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UK recycling catches up with the Continent but there's more to do

Recent waste data from the Government shows that the UK is catching up with its European neighbours on the waste and recycling performance front.
 
Recycling rates continue their upward trajectory, reaching 33.9%, while waste is decreasing. So its good news so far from the Governments provisional findings. But are the results enough to allow ourselves a little breather? Definitely not.
 
The Department for Environment, Food and Rural Affairs (Defra) WasteDataFlow results show household waste has fallen from 25.8 million to 25.6 million tonnes, while waste sent to landfill also fell from 16.9 million to 15.8 million tonnes. 
 
Household recycling rates went up from an average 30.9% between April 2006 and March 2007 to 33.9% between January and December 2007. 
 
Overall municipal waste decreased by just under 0.3 million tonnes, dropping from 29.1 million tonnes to 28.8 million tonnes, or 1%. And residual household waste in weight per head went down to 334kg per head between January and December 2007 from 353kg per head between April 2006 and March 2007.
 
Environment Minister Joan Ruddock hailed the results as evidence that local authorities and householders efforts to reduce, reuse and recycle are starting to pay off. 
 
She said: We know we cant keep throwing rubbish into landfill. My postbag is full of letters from people saying they want to recycle more. But unless they know their efforts are making a real difference they wont keep trying. 
 
Thats why statistics like these are so important. The figures are provisional we will know the full picture by the end of the year but the early results show those efforts continue to be worthwhile. Local authorities and their residents are making good progress. 
 
We still have some way to go before we are performing at the level of some of our nearest neighbours in Europe. But we
are catching them up, and positive feedback like this should encourage all of us to keep up
the effort to reduce and recycle our rubbish.
 
Local Government Association Environment Board chairman Paul Bettison agreed with the positive outlook and said: It is very encouraging to see people doing their bit for the environment by recycling more and reducing this countrys reliance on landfill. More than a third of household waste is now being recycled and local people and local councils deserve credit for this continuing improvement.
 
However, he reiterated a position that he has long held, saying: While these figures are another step in the right direction, there is still much more to do. Britain is the dustbin of Europe and dumps more waste into the ground than any other country in the EU.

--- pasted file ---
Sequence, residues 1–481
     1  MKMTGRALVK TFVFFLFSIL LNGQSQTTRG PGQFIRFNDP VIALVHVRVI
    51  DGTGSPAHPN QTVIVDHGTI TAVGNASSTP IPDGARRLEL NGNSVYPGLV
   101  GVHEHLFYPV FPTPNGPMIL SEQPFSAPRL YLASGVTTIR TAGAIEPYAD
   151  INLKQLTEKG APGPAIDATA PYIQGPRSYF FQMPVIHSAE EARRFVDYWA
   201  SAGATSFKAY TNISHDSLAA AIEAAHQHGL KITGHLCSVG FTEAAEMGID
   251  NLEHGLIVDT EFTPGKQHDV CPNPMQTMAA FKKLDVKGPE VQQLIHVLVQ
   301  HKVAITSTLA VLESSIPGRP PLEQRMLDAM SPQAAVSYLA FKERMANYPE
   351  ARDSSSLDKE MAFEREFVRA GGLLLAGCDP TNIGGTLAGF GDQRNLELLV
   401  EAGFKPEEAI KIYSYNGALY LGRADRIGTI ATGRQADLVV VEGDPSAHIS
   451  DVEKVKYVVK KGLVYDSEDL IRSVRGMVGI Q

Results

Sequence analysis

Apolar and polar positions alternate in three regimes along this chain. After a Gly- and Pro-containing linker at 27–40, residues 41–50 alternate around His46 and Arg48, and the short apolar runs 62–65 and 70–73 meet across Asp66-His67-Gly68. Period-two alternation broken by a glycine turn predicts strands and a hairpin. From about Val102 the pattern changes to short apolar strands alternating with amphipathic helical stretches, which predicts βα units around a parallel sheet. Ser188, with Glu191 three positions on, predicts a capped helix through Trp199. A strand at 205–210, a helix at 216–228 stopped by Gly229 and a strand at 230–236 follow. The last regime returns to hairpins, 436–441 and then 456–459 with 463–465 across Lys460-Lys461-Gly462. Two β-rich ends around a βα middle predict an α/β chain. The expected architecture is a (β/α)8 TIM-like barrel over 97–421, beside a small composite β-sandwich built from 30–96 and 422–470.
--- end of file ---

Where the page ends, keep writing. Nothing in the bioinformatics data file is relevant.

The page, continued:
This is costing the council taxpayer dearly in landfill taxes. Councils are still facing fines of up to £3 billion if we do not dramatically reduce the amount of waste thrown into landfill. It is vital we look at alternatives to the status quo to deliver an ever better deal for the taxpayer.
 
An LGA spokesman added: While the [nearly] 34% rate is better than it has been its still not enough theres no room for complacency. 
 
About 60% of household waste can be recycled, so there are still some people who are not doing it. More work needs to be done, whether it be expanding services or taking steps to increase participation.
 
Final figures will be available as part of the annual National Statistics release in November 2008.
 Municipal waste includes household waste and recycling, as well as waste from parks, public gardens, beaches, civic amenity sites and clearance of fly tips.
 Seasonal fluctuations were minimised by comparing the year April 2006 to March 2007 with the year January to December 2007, which included the latest provisional results.


KEY RESULTS FROM WASTEDATAFLOW
 Household waste is down from 25.8m to 25.6m tonnes;
 Waste sent to landfill is down from 16.9 to 15.8m tonnes;
 Average household recycling rates increased to 33.9%; and
 Municipal waste reduced overall from 29.1m to 28.8m tonnes.


RESULTS VALIDATION
Information was supplied to WasteDataFlow by local authorities. However, results are provisional because not all returns have completed the full validation process. Of the 394 local authorities
that submitted data, returns from seven had not completed validation. This uncertainty equates to about 1% of the estimated total
municipal waste. Returns to WasteDataFlow can also be revised by local authorities during the year.

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